We obtained informed consent from all research subjects in the phone survey prior to matching CDR records to survey responses. However, there are still open concerns around the use of CDR by bad actors, particularly as even pseudonymized datasets can frequently be de-anonymized for a subset of observations37,51. Active research on applying the guarantees of differential privacy to CDR datasets and associated machine-learning models holds promise for balancing the utility of CDR data with privacy concerns52,53. For additional discussion of these considerations, see Supplementary Discussion, section 2.

Predicting poverty from phone data

Machine-learning methods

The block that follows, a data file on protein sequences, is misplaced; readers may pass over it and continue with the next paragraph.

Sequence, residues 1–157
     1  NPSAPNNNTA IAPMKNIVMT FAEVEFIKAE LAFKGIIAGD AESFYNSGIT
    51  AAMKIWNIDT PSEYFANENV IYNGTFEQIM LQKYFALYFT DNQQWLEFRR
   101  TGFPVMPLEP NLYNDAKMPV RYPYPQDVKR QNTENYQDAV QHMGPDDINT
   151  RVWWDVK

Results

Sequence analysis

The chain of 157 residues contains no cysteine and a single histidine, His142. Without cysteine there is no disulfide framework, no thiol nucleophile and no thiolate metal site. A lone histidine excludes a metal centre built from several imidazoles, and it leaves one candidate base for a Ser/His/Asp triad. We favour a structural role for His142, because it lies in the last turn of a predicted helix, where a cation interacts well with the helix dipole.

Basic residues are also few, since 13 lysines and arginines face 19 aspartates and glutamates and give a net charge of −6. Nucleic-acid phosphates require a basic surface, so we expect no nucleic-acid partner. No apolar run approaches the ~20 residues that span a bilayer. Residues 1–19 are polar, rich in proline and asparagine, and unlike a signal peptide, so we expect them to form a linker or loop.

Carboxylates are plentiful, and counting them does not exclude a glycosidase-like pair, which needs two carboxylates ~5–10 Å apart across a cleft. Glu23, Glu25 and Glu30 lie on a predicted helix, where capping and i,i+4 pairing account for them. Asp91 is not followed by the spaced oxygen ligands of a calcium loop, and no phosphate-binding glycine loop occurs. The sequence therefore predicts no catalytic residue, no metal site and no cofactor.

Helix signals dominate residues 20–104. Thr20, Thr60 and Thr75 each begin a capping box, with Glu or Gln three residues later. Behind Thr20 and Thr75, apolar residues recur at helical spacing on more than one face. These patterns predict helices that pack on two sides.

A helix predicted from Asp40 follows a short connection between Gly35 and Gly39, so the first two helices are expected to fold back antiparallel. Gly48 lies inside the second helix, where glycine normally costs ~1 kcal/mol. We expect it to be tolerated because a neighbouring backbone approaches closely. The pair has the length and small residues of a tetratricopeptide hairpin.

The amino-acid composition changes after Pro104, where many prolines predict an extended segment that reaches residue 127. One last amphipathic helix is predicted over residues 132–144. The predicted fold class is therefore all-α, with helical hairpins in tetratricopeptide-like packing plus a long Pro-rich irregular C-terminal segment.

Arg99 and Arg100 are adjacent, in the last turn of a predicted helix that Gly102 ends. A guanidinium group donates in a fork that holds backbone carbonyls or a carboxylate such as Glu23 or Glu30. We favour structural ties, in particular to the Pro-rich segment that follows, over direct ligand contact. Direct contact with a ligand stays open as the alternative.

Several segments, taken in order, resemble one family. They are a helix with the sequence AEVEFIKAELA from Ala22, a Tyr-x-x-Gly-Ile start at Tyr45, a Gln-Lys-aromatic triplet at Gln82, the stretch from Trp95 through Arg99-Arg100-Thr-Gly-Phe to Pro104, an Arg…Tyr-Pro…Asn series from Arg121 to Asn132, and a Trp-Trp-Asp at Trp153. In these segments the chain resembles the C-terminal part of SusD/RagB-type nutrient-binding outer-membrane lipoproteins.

We follow the machine-learning methods described in prior work17,18,19 to train models that predict poverty from CDR features. Specifically, we train a gradient boosting regressor with Microsoft’s LightGBM for the two matched survey-CDR datasets separately. We tune hyperparameters for the model over threefold cross validation, with parameters chosen from the following grid:

Winsorization of features: {No winsorization, 1% limit}

Minimum data in leaf: {10, 20, 50}

Number of leaves: {5, 10, 20}

Number of estimators: {20, 50, 100}

Learning rate: {0.05, 0.075, 0.1}

We train and evaluate the model over fivefold cross validation, with hyperparameters tuned independently on each fold, to obtain out-of-sample estimates of accuracy and out-of-sample predictions of poverty for each observation in our matched survey datasets. We then re-train the model on all survey data (for each of the two datasets separately), record feature importances (the total number of times a feature is split on over the entire forest), and use the final model to generate wealth predictions for every subscriber on the mobile phone network during the relevant time period.